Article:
Magnus Carlsen plays Sergey Karjakin in the final round of the 2017 Tata Steel Masters knowing a win will likely mean a title playoff against Wesley So. In the penultimate round Magnus beat Pavel Eljanov from a position he was struggling merely to hold, while Levon Aronian inflicted a 7th loss of the tournament on Loek van Wely to move into a tie with Wei Yi and Carlsen for 2nd place. In the Challengers Jeffery Xiong’s hopes lie in tatters after he lost to Aryan Tari while Markus Ragger and Gawain Jones both won to overtake him.
The 12th round of the Tata Steel Masters set up the final round perfectly:
Magnus does it again
Magnus Carlsen has now won all five classical games he’s played against Pavel Eljanov, with the World Champion admitting “maybe it was in the back of his head”.
Carlsen played the Stonewall Dutch and soon ended up in what looked to be close to a strategically lost position.
Then the old, familiar Magnus took over, arguably playing his best chess of the event so far. Lawrence Trent takes us through the game:
Afterwards Magnus admitted, “it’s amazing considering how poorly I’ve played in the second half that I’m still in with a chance”, while also talking about his missed mate-in-3 against Anish Giri:
So vs. Wei Yi and other draws
Before the round the key showdown was Wesley So’s game against Wei Yi, with the young Chinese player theoretically in with a chance of overtaking the long-term leader.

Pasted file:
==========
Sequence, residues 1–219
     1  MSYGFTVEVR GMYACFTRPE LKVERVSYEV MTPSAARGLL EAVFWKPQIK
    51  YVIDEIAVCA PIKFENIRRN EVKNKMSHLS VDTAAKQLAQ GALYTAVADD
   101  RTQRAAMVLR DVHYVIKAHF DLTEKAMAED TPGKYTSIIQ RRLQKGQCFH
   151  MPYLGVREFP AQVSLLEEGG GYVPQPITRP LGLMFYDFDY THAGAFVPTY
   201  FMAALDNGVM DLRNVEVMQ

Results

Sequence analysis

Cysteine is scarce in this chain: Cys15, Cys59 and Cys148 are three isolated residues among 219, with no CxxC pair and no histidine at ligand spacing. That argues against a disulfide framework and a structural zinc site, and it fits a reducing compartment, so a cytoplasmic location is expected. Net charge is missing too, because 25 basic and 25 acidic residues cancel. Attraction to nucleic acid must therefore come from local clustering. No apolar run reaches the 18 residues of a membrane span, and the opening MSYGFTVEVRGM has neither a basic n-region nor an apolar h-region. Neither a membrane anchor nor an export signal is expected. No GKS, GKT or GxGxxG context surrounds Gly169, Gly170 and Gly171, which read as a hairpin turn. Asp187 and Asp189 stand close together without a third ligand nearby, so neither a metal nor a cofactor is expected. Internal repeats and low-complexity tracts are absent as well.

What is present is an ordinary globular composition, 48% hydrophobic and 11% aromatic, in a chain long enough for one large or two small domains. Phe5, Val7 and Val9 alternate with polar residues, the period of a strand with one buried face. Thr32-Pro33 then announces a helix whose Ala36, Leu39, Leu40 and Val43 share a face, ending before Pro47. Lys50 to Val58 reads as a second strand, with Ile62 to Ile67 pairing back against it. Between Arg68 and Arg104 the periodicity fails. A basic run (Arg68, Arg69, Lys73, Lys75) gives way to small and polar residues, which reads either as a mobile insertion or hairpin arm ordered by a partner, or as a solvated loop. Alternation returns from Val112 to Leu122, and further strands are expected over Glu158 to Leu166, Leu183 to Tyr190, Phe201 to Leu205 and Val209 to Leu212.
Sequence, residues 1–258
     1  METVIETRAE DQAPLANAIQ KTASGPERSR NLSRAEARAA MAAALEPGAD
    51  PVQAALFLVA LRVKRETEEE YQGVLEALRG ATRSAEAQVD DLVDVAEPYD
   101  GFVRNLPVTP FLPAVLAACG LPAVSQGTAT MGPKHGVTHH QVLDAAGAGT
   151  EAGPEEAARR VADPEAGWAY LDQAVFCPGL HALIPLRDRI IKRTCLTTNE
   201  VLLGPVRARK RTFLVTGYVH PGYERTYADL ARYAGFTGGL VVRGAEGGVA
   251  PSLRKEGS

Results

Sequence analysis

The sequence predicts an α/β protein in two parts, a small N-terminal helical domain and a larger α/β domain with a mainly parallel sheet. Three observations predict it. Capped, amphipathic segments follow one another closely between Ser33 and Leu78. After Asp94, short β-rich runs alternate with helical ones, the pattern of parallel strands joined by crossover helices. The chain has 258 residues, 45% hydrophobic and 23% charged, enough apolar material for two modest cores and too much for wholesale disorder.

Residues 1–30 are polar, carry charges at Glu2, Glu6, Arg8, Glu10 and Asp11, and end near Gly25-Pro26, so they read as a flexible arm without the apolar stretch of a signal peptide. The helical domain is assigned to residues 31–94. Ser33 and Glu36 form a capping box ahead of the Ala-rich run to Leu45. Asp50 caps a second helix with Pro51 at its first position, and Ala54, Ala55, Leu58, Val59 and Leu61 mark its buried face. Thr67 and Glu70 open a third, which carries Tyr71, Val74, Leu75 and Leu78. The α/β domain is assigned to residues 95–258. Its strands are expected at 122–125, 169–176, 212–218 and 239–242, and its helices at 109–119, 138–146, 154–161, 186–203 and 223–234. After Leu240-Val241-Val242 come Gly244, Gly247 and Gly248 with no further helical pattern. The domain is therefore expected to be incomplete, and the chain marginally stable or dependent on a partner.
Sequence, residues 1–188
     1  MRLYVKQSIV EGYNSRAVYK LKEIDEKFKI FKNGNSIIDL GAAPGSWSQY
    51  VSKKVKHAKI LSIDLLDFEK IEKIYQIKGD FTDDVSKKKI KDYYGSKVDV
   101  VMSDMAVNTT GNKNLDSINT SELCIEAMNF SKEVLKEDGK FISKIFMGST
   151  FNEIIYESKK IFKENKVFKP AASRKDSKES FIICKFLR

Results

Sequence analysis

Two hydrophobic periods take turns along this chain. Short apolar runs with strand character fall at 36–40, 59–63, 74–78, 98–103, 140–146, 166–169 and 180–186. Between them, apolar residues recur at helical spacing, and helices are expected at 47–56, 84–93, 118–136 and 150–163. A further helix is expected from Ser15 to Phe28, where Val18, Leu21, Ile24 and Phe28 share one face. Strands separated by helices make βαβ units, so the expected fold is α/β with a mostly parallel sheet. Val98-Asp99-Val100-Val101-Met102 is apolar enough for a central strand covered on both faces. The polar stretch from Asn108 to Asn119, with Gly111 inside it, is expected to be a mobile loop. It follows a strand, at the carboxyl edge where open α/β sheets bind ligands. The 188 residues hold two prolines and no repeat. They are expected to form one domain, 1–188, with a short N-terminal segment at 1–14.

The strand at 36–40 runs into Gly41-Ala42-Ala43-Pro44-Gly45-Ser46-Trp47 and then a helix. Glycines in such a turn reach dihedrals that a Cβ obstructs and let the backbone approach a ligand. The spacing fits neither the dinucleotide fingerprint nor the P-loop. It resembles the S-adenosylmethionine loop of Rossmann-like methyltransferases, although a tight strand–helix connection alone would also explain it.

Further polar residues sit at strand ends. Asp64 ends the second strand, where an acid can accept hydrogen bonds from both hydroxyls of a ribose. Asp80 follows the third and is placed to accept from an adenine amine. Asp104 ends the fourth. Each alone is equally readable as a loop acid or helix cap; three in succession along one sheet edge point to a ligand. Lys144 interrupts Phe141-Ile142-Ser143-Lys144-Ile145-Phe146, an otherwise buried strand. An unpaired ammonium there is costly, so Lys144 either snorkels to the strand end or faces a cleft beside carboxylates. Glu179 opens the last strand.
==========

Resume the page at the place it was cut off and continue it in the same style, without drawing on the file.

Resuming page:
Alas, the styles of both players – Wesley’s general solidity and Wei Yi’s rock solid black repertoire – meant the draw that followed was predictable. For 14 moves Wei Yi followed a line he'd played against Ding Liren in the 2014 Danzhou tournament. Queens were exchanged on move 9, with Black winning a pawn but slightly worse due to a ruined pawn structure. Wesley So varied with 15.Bf4+, but although Wei Yi soon took one of his deep thinks – over 45 minutes – there was no preventing a draw in 32 moves.
Karjakin-Nepomniachtchi, with both Russian players already out of the race for first place, was drawn in a blink-and-you-missed-it 21 moves, while Wojtaszek-Andreikin was a complicated 51-move draw in which the balance was never seriously upset. The other draws were less logical…
Not for the first time in Wijk aan Zee, Harikrishna appeared to blunder away a pawn in the early opening, this time with 9.Nd2?!